Accidents such as the Golden Ray capsizing in St Simons Sound with 24 crew members and 4,000 vehicles on board are impossible to predict.  However, just because you cannot predict when incidents like that will happen does not mean that a plan for response cannot be created.  Planning is arguably one of the most critical aspects of any emergency response.  Included in the planning process is the Vessel Response plan (VRP) required by the USCG. A VRP is an all-encompassing emergency response plan because it outlines which OSRO’s, salvage companies and QI’s or Spill Management teams (SMT) will be utilized should an emergency arise. Once a response is necessary and you have activated your Vessel Response plan, all other actions are developed by the SMT and are specific to the incident and area it happens.  When it comes to writing plans for an emergency response, such as the capsizing of the Golden Ray, the Incident Command System (ICS) Planning Section starts by taking the actions outlined in the VRP and then from there tailor the response to the situation. As the Planning Section Chief, Jason Maddox, along with his team of about 15 people, were the ones who wrote the plans for the Golden Ray response while taking into consideration input from Subject Matter Experts (SME’s), such as Salvage or Environmental technical specialists.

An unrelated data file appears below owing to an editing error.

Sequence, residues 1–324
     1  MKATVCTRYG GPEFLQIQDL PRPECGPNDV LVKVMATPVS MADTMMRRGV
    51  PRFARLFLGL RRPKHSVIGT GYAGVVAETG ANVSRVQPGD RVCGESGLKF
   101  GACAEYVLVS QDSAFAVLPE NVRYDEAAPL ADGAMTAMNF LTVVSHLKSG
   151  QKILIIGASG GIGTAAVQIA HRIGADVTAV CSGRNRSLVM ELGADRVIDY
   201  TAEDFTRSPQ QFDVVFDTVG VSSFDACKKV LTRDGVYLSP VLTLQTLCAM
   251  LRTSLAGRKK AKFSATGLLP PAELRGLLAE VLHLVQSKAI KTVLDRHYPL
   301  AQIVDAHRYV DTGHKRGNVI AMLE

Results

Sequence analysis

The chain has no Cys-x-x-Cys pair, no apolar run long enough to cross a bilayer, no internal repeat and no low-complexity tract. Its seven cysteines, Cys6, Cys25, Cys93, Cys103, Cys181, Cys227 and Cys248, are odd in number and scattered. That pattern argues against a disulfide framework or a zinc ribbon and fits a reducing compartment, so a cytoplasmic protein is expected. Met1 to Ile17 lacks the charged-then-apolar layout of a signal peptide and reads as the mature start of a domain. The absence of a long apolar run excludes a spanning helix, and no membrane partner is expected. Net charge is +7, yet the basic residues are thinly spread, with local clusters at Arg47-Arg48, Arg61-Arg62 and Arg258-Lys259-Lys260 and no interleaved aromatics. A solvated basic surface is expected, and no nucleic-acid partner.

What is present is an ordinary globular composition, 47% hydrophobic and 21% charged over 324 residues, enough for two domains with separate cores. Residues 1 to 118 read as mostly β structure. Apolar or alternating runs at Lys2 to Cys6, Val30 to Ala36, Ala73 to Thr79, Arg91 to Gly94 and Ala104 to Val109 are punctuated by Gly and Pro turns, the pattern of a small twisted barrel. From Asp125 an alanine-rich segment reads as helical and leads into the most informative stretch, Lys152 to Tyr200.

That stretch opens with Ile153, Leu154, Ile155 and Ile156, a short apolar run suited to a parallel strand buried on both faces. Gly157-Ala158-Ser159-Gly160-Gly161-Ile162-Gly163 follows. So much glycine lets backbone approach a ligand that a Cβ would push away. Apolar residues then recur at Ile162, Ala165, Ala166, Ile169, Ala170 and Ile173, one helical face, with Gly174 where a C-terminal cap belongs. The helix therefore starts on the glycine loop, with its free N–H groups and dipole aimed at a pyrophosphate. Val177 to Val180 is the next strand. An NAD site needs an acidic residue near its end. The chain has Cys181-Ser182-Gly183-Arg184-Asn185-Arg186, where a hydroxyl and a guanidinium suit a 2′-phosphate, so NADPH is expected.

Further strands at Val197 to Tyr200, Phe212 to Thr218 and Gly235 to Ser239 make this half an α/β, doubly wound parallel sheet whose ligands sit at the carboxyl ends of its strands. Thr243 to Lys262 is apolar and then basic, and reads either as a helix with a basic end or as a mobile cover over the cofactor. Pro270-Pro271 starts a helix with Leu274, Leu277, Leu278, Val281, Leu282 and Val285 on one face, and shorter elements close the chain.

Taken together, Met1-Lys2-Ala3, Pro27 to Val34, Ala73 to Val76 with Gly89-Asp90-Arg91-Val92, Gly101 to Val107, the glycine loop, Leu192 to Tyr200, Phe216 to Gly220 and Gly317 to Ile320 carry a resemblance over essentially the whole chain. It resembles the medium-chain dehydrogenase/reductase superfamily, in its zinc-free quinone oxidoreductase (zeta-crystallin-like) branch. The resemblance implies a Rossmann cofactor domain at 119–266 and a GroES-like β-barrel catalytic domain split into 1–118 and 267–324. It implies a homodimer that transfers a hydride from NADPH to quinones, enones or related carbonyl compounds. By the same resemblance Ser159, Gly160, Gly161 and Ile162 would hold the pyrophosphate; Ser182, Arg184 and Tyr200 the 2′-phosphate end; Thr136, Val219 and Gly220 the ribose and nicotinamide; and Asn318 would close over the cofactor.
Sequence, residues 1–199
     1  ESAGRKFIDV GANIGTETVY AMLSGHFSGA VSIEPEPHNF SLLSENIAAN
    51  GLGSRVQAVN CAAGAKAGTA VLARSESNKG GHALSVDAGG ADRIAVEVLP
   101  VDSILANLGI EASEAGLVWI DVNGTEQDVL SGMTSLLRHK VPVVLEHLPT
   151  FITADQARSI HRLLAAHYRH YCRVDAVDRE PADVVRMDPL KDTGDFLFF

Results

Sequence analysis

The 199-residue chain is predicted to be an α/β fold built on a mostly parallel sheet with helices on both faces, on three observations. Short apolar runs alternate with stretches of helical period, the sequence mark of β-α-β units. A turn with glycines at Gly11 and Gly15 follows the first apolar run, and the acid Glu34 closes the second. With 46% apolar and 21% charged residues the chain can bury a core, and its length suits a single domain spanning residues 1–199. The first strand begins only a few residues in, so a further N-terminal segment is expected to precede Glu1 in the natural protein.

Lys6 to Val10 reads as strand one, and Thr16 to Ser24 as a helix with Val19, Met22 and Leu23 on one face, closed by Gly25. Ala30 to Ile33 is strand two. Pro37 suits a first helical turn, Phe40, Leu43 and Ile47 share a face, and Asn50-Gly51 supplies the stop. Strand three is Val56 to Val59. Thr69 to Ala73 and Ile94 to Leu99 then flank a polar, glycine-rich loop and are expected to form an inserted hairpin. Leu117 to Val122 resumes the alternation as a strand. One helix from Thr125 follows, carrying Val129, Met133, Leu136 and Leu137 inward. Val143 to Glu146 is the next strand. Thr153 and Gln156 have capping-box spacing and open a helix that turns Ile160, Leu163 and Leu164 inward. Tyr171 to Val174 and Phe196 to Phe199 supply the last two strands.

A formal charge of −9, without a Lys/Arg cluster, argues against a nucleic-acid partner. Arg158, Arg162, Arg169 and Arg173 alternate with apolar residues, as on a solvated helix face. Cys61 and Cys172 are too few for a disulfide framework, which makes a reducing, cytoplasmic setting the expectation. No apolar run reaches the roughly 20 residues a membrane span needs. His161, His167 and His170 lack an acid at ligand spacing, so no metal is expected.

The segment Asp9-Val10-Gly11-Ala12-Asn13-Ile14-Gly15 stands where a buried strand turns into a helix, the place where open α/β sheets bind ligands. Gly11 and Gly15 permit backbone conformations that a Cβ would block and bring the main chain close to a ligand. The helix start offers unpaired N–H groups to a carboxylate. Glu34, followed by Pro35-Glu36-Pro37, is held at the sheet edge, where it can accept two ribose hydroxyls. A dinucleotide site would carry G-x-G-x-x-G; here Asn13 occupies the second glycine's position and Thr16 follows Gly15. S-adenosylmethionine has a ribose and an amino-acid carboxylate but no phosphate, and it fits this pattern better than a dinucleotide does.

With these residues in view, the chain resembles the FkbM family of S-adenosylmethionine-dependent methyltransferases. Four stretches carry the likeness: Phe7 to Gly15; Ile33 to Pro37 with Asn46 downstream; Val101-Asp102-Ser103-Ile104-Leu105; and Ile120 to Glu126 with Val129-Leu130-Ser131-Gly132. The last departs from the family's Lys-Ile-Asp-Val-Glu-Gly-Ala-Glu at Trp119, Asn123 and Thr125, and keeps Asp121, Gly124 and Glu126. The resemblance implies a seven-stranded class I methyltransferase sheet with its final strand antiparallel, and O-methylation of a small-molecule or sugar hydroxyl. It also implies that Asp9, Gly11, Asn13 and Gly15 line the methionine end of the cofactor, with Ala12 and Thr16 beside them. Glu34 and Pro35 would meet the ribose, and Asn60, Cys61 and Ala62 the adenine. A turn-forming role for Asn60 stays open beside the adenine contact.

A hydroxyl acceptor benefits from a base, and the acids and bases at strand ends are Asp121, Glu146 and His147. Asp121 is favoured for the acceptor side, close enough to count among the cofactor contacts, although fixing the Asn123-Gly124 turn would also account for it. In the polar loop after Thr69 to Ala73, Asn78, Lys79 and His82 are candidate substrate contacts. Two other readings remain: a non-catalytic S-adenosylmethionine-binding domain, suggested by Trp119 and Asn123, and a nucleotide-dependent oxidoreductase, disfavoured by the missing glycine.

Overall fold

When it comes to an incident like the Golden Ray, there were many plans written for all phases of response, including one for the demobilization of crews and equipment. All plans have to be reviewed by Jason Maddox before they can be passed to the Incident Commander, who then gives the final go-ahead.  For instance, there was a plan for how to cut the ship, the number of pieces and the order in which the pieces would be removed.  If the plan is rejected by Incident Command, then the Planning Section would go back to the drawing board, work with SME’s and other stakeholders and make the necessary adjustments to the plan.  Where one plan ends, the next one begins, so when a global pandemic happens, it can interrupt the progress of the response. However, in the case of the Golden Ray, it did not because the planning section was able to work within CDC guidelines to create a safe working environment, building health and safety procedures into the plan.